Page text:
The International Religious Liberty Association (IRLA) had its beginnings in 1889 at an Adventist meeting in Battle Creek, Michigan. There, 110 church leaders chartered a new association to promote and defend religious freedom. Since that time, this association has changed and developed, but its primary goal as remained the same--to be a presence in the public realm as a distinctive voice for religious liberty. Since 1946, the IRLA membership has been open to non-church members, and today it has supporters and members from a range of religions and beliefs. Each of the world church's 13 divisions has its own regional association that is affiliated with the IRLA, and there are a number of national associations, also.
Although the IRLA has deep roots within Adventism, it is important to note that it is an independent, non-sectarian association. The PARL staff at the General Conference world headquarters work for the IRLA, but they do so as volunteers. All IRLA events--including the World Congress for Religious Freedom that the IRLA organizes every five years--are public events, rather than church events.
Through the years, the IRLA has continued to speak out against religious intolerance and persecution, and has made a substantial contribution to the scholarly discourse about religious freedom. You can find out more about the IRLA and its work by visiting its website at www.irla.org.
Every year, the PARL department publishes a global survey of religious freedom, looking at each country and territory recognized by the United Nations. The purpose of the World Report is to draw on the unique experience of the Seventh-day Adventist Church around the world in order to produce an annual “snap-shot” of the religious freedom environment—constitutional, legal, and social—of every country and territory recognized by the United Nations.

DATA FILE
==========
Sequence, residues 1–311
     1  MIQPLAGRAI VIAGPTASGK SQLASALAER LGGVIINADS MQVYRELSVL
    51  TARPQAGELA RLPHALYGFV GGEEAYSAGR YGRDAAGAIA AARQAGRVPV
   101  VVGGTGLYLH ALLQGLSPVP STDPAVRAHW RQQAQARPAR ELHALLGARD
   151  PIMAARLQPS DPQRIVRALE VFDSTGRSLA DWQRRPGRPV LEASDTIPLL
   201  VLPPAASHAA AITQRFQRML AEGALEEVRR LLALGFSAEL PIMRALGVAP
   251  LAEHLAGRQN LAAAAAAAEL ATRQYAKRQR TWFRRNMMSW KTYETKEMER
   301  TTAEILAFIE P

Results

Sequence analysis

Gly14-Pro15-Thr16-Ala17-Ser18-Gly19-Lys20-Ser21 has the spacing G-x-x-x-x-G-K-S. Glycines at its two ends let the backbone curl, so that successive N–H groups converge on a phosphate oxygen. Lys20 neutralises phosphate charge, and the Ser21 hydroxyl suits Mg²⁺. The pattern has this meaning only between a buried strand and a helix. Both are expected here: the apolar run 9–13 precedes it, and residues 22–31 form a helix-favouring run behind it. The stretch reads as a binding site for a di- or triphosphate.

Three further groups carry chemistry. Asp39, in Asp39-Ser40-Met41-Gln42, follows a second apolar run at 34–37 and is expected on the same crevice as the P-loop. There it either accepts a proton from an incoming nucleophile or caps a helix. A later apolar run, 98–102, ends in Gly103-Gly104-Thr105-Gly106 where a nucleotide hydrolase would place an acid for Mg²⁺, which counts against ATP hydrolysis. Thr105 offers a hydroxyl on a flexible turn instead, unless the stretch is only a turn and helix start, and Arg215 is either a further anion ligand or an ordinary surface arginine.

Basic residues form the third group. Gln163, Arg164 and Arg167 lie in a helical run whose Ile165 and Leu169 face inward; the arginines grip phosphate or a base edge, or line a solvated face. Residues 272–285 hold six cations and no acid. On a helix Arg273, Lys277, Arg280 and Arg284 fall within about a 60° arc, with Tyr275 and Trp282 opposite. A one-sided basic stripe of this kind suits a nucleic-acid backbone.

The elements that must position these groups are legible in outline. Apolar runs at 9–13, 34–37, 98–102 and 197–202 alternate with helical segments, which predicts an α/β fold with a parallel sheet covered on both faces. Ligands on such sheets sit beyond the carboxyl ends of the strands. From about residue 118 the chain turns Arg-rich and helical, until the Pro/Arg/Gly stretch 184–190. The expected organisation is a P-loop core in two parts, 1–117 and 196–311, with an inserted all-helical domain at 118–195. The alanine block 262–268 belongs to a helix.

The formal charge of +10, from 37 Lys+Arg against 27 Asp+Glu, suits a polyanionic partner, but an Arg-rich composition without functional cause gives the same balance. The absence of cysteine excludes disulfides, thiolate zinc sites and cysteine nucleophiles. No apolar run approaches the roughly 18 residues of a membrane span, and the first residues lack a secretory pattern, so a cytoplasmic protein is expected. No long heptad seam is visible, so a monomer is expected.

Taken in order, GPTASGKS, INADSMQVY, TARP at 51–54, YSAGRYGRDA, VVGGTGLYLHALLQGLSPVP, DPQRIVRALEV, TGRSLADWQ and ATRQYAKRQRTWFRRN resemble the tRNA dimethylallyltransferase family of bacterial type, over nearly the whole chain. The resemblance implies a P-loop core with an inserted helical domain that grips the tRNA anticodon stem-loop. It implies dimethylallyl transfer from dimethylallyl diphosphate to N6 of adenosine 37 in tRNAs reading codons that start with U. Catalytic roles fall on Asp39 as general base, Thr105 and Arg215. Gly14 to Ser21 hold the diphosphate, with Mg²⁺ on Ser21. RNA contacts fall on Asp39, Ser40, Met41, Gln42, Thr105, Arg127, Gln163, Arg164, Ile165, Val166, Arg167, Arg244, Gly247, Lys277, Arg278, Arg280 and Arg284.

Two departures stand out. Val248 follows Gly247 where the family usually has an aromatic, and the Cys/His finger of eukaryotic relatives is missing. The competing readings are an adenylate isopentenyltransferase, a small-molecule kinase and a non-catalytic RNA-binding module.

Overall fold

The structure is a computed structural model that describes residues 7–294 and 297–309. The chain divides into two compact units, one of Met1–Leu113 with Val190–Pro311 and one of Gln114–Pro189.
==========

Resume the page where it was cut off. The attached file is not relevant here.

This provides a useful resource not only for the Seventh-day Adventist Church, but also for governments and NGOs who can benefit from first-hand insights provided by Adventists who are operating within these jurisdictions. Access current and past editions of the World Report here.
The GC PARL department, in partnership with Liberty magazine and the General Conference, has organized an annual Religious Liberty Dinner in Washington, D.C. for more than a decade. Although this event has a national focus—the White House, Washington’s diplomatic corps, and members of the United States Congress—this concept can be adapted for almost any other context. Whether your focus is nation-wide, state-wide or even city-wide, a Religious Liberty Dinner can be an effective means of raising the profile of the Adventist Church and highlighting its commitment to religious freedom.
In establishing a regular Religious Liberty Dinner, your goals may be to:
- Provide an opportunity for people of different beliefs to meet each other on the theme of religious freedom.
- Increase awareness about the rising rate of persecution in the world, or to focus on a specific religious liberty challenge.
- Offer people a positive image of the Seventh-day Adventist Church as a human rights defender for all.
- Make friends who share the same values, and to improve visibility of the Adventist Church.